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Quotes on the benefits of quiet, solitary reflection to connect with oneself

"What we do during our working hours determines what we have; what we do during our leisure hours determines what we are."
Philanthropist George Eastman, quoted in the Buffalo Law Journal, quoted in The Week, June 14, 2013, p. 19.

"When you stop thinking about yourself all the time, a certain sense of repose overtakes you."
Leonard Cohen, quoted in the Montreal Gazette, quoted in The Week, Dec. 21, 2012, p. 15.

"What solitary icebergs we are, Miss Vinrace! How little we can communicate!"
Virginia Woolf. The Voyage Out (1915).

"Silence is the cornerstone of character."
Ohhiyesa, Santee Sioux. Quoted in Sharon Franquemont. You Already Know What to Do: 10 Invitations to the Intuitive Life. New York: Jeremy P. Tarcher/Putnam, 2000. p. 117.

”Like most deadly attractive people, he had a hollow at the center of him. What people loved most about her husband was how mellifluous their own voices sounded when they echoed back.”
Lauren Groff. Fates and Furies. New York: Riverhead, 2015.

”And why does the nightmare described by the Internet, of encountering people who look and sound real but are fake, remind you so much of the feeling of reading the Internet itself?”
Kristin Dombek. The Selfishness of Others: An Essay on the Fear of Narcissism. FSG Originals, 2016.

"Noise is an imposition on sanity, and we live in very noisy times."
Joan Baez, quoted in the Toronto Star, quoted in The Week, May 18, 2012, p. 19.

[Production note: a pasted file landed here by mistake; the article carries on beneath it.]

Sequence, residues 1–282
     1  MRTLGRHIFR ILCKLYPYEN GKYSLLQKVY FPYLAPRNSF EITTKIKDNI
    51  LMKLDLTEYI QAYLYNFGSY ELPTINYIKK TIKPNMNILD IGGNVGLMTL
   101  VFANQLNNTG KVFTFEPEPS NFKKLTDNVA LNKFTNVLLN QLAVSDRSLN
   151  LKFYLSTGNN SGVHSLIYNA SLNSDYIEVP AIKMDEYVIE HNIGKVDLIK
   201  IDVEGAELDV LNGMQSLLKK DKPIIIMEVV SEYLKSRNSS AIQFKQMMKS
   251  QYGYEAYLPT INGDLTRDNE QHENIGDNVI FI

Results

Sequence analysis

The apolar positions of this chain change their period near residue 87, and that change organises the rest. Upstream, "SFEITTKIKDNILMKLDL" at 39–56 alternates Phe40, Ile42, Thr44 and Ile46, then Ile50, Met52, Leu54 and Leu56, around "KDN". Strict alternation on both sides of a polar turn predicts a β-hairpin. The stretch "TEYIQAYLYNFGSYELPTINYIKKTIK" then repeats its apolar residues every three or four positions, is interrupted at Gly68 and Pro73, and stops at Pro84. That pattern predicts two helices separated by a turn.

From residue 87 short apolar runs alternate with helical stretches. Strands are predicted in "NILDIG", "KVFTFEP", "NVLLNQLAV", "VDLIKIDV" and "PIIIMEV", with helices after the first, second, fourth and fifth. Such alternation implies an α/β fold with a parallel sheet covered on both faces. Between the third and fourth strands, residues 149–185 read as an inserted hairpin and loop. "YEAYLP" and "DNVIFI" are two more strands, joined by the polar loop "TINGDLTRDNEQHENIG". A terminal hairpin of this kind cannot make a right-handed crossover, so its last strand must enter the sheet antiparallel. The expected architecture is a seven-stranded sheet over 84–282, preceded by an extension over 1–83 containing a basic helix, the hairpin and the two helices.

With that epiphany [that someone might hurt me because they don't understand me] comes the shock of realizing that there is an inside and an outside, and the artist is outside. Not by will. By blood. By a force beyond understanding, no more mutable than the fact that one breathes. A shock. The knowledge that one is alone in the world. Alone in mind, in mission if not in flesh. All alone, neither able to answer to any boss besides oneself nor willing. Forever alone, a thrill and an awesome responsibility. And life from then on is a party of one.”
Anneli Rufus. Party of One: The Loner's Manifesto. Da Capo Press, 2003. p. 119.

"There are a variety of ways to descend into desolation. Some people drift hither and thither slowly like autumn leaves, only half aware that they are lifeless and at the beck and call of the winds. Others plummet like frostbitten apples, bruising their flesh against every passing branch and knocking themselves senseless as they hit the ground. Others again are like chestnuts for whom a fall is a revelation. At the moment of impact the spiked shell breaks open and ejects a new shimmering kidney brown self."
Nina FitzPatrick. Daimons. Boston: Justin, Charles & Co, 2003. pp. 44-45.

"Remember, loneliness is still time spent with the world."
Poet Ocean Vuong, quoted in, quoted in The Week, Jan. 13, 2017, p. 17.

"I only went out for a walk and finally concluded to stay out until sundown, for going out, I found, was really going in."
John Muir, quoted in Kay Redfield Jamison, Exuberance: The Passion for Life. New York: Vintage Books, 2004. p. 24.


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